Why We Eat What We Eat on Thanksgiving

Not every Thanksgiving classic dish has a long history.
Some of these Thanksgiving staples were the result of good marketing.
Some of these Thanksgiving staples were the result of good marketing. / Tetra Images/Getty Images

When Americans sit down with their families for Thanksgiving dinner, most of them will probably gorge themselves on the same traditional menu, with turkey, cranberry sauce, stuffing, and pumpkin pie taking up the most real estate on the plates. How did these dishes become the national “what you eat on Thanksgiving” options, though? Let’s take a look at the history of Thanksgiving foods.

Why do we eat turkey on Thanksgiving?

Woman With Thanksgiving Turkey
Turkey is traditionally the star of a Thanksgiving feast. / GraphicaArtis/GettyImages

It’s not necessarily because the Pilgrims did it. Turkey may not have been on the menu at the 1621 celebration by the Pilgrims of Plymouth that is considered the first Thanksgiving. There were wild turkeys in the Plymouth area, though, as colonist William Bradford noted in his book Of Plymouth Plantation.

However, the best existing account of the Pilgrims’ harvest feast comes from colonist Edward Winslow, the primary author of Mourt’s Relation: A Journal of the Pilgrims at Plymouth. Winslow’s first-hand account of the first Thanksgiving included no explicit mention of turkey. He does, however, mention the Pilgrims gathering wild fowl for the meal, although that could just as likely have meant ducks or geese.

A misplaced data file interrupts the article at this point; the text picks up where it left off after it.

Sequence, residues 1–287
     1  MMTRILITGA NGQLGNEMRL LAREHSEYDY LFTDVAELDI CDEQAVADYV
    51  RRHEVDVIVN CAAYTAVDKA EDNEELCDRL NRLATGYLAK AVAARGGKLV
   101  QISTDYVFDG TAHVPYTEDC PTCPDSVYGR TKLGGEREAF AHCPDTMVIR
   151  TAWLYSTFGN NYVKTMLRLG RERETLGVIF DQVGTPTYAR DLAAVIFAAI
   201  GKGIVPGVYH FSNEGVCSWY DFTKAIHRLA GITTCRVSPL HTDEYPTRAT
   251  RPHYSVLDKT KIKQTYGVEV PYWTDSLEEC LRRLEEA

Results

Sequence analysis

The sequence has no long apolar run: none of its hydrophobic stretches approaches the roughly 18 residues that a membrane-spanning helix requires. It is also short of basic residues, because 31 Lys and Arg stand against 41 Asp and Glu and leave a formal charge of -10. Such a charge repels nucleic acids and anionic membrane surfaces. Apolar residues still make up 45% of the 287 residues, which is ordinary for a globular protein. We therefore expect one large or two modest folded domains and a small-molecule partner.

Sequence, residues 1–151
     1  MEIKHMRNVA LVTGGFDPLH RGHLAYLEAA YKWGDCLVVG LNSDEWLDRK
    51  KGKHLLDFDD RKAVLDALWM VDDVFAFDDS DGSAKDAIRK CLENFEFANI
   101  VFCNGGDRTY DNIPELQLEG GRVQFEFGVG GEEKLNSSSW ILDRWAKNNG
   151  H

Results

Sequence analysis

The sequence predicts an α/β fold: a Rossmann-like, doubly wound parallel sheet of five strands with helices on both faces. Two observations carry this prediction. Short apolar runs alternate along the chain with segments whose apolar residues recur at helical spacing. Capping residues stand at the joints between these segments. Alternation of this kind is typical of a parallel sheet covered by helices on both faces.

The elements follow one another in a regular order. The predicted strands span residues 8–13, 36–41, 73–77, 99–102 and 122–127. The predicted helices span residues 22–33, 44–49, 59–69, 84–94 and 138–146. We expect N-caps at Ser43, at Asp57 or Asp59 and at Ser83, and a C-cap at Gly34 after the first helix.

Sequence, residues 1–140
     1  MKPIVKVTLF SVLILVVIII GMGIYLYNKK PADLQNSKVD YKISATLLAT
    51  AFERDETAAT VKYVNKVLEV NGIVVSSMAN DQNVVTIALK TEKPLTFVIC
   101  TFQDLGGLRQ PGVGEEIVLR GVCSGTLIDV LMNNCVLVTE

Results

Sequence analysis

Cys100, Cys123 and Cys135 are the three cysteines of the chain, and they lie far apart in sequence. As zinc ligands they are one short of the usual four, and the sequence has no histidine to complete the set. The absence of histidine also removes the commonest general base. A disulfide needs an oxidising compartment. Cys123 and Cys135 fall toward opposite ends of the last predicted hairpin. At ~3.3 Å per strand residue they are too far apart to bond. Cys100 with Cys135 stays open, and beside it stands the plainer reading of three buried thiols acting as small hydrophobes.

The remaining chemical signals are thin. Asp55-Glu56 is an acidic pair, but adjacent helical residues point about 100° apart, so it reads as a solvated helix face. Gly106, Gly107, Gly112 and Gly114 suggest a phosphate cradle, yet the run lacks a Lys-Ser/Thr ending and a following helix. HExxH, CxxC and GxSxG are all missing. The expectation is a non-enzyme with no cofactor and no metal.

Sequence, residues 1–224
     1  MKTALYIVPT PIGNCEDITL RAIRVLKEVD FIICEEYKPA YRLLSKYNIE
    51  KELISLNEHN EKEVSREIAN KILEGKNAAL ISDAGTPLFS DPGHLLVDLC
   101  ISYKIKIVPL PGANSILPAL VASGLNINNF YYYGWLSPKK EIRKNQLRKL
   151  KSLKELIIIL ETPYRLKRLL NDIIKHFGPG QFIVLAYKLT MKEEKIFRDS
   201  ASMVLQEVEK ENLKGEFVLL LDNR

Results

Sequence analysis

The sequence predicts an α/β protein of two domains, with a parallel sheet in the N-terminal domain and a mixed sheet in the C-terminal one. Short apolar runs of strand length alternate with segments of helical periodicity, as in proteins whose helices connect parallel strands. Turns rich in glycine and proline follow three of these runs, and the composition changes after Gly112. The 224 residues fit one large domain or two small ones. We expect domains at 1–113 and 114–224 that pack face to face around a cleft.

When it comes to why we eat turkey on Thanksgiving today, it helps to know a bit about the history of the holiday. While the idea of giving thanks and celebrating the harvest was popular in certain parts of the country, it was by no means an annual national holiday until the 19th century. Presidents would occasionally declare a Thanksgiving Day celebration, but the holiday hadn’t completely caught on nationwide. Many of these early celebrations included turkey; Alexander Hamilton once remarked, “No citizen of the U.S. shall refrain from turkey on Thanksgiving Day.”

When Bradford’s journals were reprinted in 1856 after being lost for at least half a century, they found a receptive audience with advocates who wanted Thanksgiving turned into a national holiday. Because Bradford wrote of how the colonists had hunted wild turkeys during the autumn of 1621 and because turkey is a uniquely North American (and scrumptious) bird, it gained traction as the Thanksgiving meal of choice for Americans after President Abraham Lincoln declared Thanksgiving a national holiday in 1863.

Moreover, there were pragmatic reasons for eating turkey rather than, say, chicken at a feast like Thanksgiving. The birds are large enough that they can feed a table full of hungry family members, and unlike chickens or cows, they don’t serve an additional purpose like laying eggs or making milk. Unlike pork, turkey wasn’t so common that it seemed like an unsuitable choice for a special occasion, either.

Did the Pilgrims have cranberry sauce on Thanksgiving?

canned cranberry sauce in a dish on a table
Jiggly delights like this were not served at the first Thanksgiving. / Carlina Teteris/Moment/Getty Images

While the cranberries the Pilgrims needed were probably easy to come by, making cranberry sauce requires sugar. Sugar was a rare luxury at the time of the first Thanksgiving, so while revelers may have eaten cranberries, it’s unlikely that the feast featured the divisive sauce. What’s more, it’s not even entirely clear that cranberry sauce had been invented yet.